Saturday 09 Oct 2021 | 04:00 | SYDNEY
Saturday 09 Oct 2021 | 04:00 | SYDNEY

The problem with 'primacy'

This post is part of the What is the US consensus on China? debate thread. To read other posts in this debate, click here.

1 July 2011 11:39

This post is part of the What is the US consensus on China? debate thread. To read other posts in this debate, click here.

Stephan Fruehling is a lecturer in the Strategic and Defence Studies Program, ANU.

The Interpreter has carried an informative debate on US policy in Asia in recent days, which Hugh White links to his earlier arguments about regional order and the rise of China. Hugh's post highlights how central to his argument is the concept of US 'primacy'. 

He uses the term 'primacy' in several different ways: as a US policy goal in its own right, as a description of the distribution of power in East Asia, as a means for the US to constrain China, and as a description of regional order. His unspoken assumption is that all of these are facets of one, more fundamental issue of US 'primacy'.

This assumption underlies his policy recommendations, and also the way in which he interprets Burns' and Green's statements and the wider US debate on the rise of China. 

This assumption needs to be questioned, because the concept of 'primacy' obscures, rather than elucidates, what is going on in East Asia. A core concern of Hugh's is to establish as the central policy question for regional countries whether, or how far, they are willing to support US 'primacy' based on US military preponderance. 

But this is a false question — US military preponderance does not exist independent of allies' choices. It is a consequence of their choices. The US military position in the western Pacific — as that in Europe during the Cold War — depends on the support of strong regional forces, especially the JSDF, and basing provided by regional countries.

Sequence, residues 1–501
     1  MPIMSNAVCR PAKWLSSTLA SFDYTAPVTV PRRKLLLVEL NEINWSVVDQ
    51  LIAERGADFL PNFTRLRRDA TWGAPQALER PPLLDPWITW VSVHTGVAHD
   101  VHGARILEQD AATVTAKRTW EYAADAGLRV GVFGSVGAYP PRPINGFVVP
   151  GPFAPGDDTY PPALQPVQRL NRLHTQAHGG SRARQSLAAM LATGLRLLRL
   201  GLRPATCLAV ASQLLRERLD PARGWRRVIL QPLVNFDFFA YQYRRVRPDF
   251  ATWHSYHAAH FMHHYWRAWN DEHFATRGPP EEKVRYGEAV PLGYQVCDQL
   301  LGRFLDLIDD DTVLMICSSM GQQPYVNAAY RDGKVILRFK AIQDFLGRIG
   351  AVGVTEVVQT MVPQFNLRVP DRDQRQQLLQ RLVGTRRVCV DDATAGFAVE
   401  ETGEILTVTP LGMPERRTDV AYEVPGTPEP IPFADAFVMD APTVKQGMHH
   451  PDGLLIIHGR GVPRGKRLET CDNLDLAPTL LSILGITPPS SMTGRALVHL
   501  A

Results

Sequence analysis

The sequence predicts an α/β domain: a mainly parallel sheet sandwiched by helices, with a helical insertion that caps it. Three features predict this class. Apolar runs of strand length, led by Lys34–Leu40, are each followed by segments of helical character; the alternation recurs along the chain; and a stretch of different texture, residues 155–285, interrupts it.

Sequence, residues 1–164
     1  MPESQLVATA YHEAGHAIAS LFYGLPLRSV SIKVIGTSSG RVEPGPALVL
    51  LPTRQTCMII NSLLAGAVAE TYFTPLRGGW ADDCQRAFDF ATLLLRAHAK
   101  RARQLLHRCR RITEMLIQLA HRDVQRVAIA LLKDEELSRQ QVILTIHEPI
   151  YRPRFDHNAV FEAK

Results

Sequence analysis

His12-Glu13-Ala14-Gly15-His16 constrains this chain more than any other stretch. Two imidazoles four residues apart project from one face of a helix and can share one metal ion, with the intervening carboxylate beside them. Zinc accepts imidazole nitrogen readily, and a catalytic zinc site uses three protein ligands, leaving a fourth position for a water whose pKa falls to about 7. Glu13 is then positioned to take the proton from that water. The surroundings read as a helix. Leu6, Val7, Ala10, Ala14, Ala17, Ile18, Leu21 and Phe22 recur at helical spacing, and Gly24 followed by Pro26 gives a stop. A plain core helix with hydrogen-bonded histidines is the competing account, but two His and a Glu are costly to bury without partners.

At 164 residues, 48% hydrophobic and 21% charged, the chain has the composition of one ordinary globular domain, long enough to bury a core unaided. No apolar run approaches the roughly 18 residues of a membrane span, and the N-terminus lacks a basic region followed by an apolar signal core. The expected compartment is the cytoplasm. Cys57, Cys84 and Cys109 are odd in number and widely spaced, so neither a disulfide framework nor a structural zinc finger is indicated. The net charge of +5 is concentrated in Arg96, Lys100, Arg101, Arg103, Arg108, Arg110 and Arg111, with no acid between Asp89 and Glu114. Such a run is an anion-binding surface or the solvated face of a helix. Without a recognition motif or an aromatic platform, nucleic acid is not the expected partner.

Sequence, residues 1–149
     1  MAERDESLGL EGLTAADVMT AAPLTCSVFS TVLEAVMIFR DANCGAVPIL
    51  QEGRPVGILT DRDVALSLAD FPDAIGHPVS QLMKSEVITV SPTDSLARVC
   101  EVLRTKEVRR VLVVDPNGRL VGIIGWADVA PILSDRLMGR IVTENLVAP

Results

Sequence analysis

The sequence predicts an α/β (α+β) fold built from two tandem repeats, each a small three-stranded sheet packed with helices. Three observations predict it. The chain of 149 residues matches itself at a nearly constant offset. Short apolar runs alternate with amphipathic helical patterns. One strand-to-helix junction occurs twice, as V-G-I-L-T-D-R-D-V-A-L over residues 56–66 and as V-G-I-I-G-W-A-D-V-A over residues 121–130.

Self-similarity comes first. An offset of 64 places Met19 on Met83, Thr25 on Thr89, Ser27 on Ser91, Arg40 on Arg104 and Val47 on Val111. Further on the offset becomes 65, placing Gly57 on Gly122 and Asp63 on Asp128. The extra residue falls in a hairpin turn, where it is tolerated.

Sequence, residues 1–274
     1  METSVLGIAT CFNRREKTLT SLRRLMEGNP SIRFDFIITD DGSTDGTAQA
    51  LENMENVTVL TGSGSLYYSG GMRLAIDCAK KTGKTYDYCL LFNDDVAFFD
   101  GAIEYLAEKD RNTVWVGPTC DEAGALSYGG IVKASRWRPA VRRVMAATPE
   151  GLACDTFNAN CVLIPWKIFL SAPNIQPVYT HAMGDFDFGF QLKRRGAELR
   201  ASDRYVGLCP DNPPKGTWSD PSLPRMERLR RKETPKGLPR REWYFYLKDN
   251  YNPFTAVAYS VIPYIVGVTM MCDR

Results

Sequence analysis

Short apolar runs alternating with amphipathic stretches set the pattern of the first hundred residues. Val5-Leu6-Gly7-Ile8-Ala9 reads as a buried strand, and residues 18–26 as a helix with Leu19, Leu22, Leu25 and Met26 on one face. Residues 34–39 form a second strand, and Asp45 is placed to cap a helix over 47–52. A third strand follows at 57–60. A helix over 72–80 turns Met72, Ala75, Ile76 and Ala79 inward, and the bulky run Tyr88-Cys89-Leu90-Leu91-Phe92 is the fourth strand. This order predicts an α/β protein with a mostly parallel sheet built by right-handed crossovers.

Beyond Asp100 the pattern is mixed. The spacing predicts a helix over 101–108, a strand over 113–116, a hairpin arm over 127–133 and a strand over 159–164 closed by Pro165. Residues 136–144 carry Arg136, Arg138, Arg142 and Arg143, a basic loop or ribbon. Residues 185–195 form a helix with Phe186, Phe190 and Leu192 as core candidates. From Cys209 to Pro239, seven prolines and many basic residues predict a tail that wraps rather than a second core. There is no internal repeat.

US military preponderance is a regional, rather than a unilateral US project. The question is less whether the US can preserve abstract 'primacy' than whether it can preserve leadership among its traditional allies and partners in (maritime) Asia. Shifting the focus from 'primacy' to leadership breaks the equation of political influence and military preponderance that underlies Hugh's argument.

Living within kilometres of the Warsaw Pact armies did not make western Europeans particularly deferential towards the Soviet Union. Nor is there any a priori reason why an increase in the Chinese Navy should make East Asians any more deferential to China than they are now. Primacy, whatever it was, may fade, and yet the Asia of the future may still look much like that of the present — as long as both China and other countries abide by accepted rules of international behaviour. 

But again, Hugh equates established rules of behaviour and international law with US 'primacy'. In a 25 June op-ed in the Financial Review (not online), he wrote that China becoming 'bellicose over disputed maritime issues such as the South China Sea' was a response 'in kind' to a US 'campaign to push back against China's growing power', including by possibly basing US forces in Australia.

But it is one thing, and perfectly legitimate, for China to vie for economic and political influence in other countries and thereby seek to loosen their ties with the US. It is a very different thing to use military force to become a law unto its own in any area it declares its 'core interest', such as the South China Sea.

By excusing China's behaviour, Hugh's concept of 'primacy' becomes rather dangerously similar to the idea that social norms, by restricting individual behaviour, exercise 'structural violence', and that physical violence is a legitimate reaction 'in kind'.

Nick Burns' 'predominance' and Michael Green's 'hedging' are not the same thing, and neither equates to 'primacy'. 'Predominance' is a condition of the (military) balance of power, based on US leadership in maritime East Asia. 'Hedging' is a way (or strategy) in which the US military position can be used, and which acknowledges that the consequences of the rise of China are still far from clear. 

Finally, US concern with encouraging China's obedience to international law is far less sinister (or naive) than an analysis focused on US 'primacy' suggests, and it is much more relevant for the choices of countries in China's neighbourhood than an abstract concept of US 'primacy'.

Photo by Flickr user Meneer Zjeroen.